Puppeteer Ronnie Burkett teaches Concordia theatre students this semester
Ronnie Burkett is one of the world’s most prolific puppeteers, known for his complex marionettes and mises en scène for adult theatre shows, which he entirely designs himself. He has toured the world with his works many times, and has won a regional Emmy Award (Cinderrabbit, 1979) and a Siminovitch Prize in Theatre for his lifetime work (2009).
Although he is used to doing workshops in universities, this ongoing series of Design for the Theatre workshops at Concordia is his first credited semester-long course teaching experience.
“Normally, I wouldn’t be able to teach like this, but this year, I obviously had no tours and theatres were still closed, so I happily agreed to embark on the project,” says Burkett.
Burkett passes on his experience and creativity to students, assisting them in the process of entirely designing their own small shows, of conceptualizing the marionettes, the decor and the story.
“I like to tell them stories, to offer them real-life examples of things we talk about in class,” he says. “The course has been a very enjoyable experience so far. I’ve presented a lot of images, styles, artists working right now, and given examples of works in papier mâché, wood, cardboard. This has even led me to reflect, with the students, on how we can have the most sustainable practice possible in puppeteering."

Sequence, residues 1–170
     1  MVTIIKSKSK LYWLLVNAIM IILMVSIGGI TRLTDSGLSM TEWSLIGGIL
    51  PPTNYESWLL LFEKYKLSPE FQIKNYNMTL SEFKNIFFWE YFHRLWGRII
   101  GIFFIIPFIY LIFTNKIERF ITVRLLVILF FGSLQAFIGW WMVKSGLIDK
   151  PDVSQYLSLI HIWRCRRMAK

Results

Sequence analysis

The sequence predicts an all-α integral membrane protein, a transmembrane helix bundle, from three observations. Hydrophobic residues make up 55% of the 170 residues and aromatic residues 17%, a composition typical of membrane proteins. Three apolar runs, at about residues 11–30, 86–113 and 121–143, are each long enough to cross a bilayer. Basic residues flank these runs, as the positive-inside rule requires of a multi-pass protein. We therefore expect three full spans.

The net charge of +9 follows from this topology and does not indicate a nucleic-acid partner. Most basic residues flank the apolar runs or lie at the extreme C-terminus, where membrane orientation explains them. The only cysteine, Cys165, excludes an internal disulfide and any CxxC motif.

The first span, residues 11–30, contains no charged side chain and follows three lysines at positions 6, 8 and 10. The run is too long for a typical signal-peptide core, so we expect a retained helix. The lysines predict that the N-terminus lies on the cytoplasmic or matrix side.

'Learning puppeteering a great way for young theatre designers to start their career'
Burkett wants to encourage students to think about their work within the constraints of a post-pandemic context. At the end of the course, on December 5th, students will present their works to the public, in class, with their teacher. The event is aptly named The Post Pandemic Puppet Project.
“My sense is that small theatre will have a very strong place after the pandemic. I think solo work in small venues (what my students are currently working on, but also what puppeteers have always done), even portable work, which allows more room for individual creative practices, will become more popular in the coming years,” says Burkett.
He also often reflects on how the approach to storytelling in puppetry is changing.
“The younger generation of theatre artists seem keener on doing their own work, and delving into devised theatre, which puppetry is also getting into,” he says. “I’m also very happy to notice more young artists getting into the medium, more artists who are realizing that they like not being confined within the limitations of working from the human body,” he added.
Burkett concludes that he is very satisfied with the semester spent with Concordia students, and that he hopes to have encouraged them to try his medium.
“Learning puppeteering a great way for young theatre designers to start their career. It shows them new possibilities of decor, how to work with shadows, it gives them more versatility and allows them to integrate these practices into theater in general,” he said.
Go see The Post Pandemic Puppet Project, the public presentation of the students’ works.
Learn more about academic programs in the Theatre Department.